The Washington Post to reduce headcount by 240 amidst dwindling subscriptions

The company is looking at voluntary buyouts to achieve job cuts


Amidst dwindling subscriptions and advertisements, The Washington Post is looking to axe 240 jobs. It plans to bring these job cuts into effect by offering voluntary buyouts to its employees this week.

As per media reports, Patty Stonesifer, the interim chief executive officer, The Washing Post, has already conveyed this plan to the company’s 2,600 employees via an official e-mail. The newsroom itself employs 1,000 people, and the expected losses this year are about $100 million.

The organisation — owned by Jeff Bezos, founder, Amazon — has felt the need to take a serious look at its costs and expenses because now the situation requires focus on areas of growth. Bezos had bought the publication for $250 million a decade ago and has always maintained that he wanted the newspaper to make profits.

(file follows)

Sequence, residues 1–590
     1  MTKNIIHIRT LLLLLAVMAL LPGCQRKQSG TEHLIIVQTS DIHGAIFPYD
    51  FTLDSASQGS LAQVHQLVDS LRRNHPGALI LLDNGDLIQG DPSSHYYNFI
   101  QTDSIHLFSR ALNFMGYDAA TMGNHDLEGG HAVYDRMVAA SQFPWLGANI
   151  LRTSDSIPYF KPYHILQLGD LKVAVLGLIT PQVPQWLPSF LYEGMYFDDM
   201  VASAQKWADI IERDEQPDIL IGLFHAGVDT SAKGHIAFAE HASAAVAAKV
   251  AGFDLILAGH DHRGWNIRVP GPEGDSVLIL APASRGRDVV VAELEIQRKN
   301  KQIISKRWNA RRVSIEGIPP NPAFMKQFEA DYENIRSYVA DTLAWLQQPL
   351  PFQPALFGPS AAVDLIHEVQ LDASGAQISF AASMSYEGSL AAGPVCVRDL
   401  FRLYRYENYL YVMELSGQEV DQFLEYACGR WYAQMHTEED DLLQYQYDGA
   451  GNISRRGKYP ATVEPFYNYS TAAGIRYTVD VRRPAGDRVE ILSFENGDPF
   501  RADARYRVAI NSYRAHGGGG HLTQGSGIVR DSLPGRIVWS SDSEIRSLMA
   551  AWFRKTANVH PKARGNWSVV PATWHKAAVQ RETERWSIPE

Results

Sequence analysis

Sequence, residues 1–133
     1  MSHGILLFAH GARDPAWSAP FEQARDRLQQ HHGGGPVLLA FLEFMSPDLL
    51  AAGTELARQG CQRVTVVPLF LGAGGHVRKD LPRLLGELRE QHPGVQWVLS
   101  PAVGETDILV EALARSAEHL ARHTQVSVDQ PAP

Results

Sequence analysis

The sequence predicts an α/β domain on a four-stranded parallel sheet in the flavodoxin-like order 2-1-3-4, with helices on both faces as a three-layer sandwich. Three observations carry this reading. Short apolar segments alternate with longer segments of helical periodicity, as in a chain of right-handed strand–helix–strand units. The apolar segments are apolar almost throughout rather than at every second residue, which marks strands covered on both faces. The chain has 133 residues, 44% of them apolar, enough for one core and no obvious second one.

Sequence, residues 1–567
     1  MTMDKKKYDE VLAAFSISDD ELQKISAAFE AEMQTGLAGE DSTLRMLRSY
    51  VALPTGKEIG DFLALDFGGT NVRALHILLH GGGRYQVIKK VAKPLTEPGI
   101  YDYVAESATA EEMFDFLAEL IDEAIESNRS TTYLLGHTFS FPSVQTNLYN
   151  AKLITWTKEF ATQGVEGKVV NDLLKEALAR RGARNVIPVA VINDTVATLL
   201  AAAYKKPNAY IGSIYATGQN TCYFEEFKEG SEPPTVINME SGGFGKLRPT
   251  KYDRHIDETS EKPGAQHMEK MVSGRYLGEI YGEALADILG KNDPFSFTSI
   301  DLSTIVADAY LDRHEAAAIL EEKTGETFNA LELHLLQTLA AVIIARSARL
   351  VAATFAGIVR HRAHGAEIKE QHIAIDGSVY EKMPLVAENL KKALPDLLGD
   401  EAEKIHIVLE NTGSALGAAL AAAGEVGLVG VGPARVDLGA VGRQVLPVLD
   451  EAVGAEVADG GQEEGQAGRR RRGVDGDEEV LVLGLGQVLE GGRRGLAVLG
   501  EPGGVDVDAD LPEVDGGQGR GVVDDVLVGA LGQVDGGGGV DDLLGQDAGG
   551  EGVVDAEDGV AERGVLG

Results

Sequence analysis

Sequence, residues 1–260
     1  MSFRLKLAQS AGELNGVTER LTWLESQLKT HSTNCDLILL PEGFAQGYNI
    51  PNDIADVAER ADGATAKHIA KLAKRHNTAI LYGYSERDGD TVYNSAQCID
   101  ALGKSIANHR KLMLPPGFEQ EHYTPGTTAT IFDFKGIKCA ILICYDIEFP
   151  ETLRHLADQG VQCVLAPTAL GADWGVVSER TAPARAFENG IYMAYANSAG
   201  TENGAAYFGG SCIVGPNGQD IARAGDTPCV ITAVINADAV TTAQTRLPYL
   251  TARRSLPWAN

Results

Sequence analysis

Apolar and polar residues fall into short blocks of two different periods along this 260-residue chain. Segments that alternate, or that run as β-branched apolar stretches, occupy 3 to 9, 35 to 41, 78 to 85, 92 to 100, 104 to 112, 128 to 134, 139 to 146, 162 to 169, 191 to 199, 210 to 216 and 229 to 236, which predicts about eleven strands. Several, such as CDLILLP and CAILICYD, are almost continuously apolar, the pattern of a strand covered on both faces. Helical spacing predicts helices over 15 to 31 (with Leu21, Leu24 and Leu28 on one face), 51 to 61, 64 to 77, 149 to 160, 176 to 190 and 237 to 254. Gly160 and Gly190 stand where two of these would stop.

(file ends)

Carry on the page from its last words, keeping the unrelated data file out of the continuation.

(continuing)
Subscriptions have been dwindling for some time now. From about three million subscribers three years ago, the number has come down to 2.5 million. Digital advertising is also on the wane. That is precisely why the publication had to resort to this decision to cut jobs.

It is pertinent to mention here that Fred Ryan, the former chief executive and publisher of the newspaper had quit in June 2023. Under his decade-old tenure, the publication had done extremely well with the newsroom expanding and subscriptions spiking. However, many senior and junior employees have left the organisation in the past two years.


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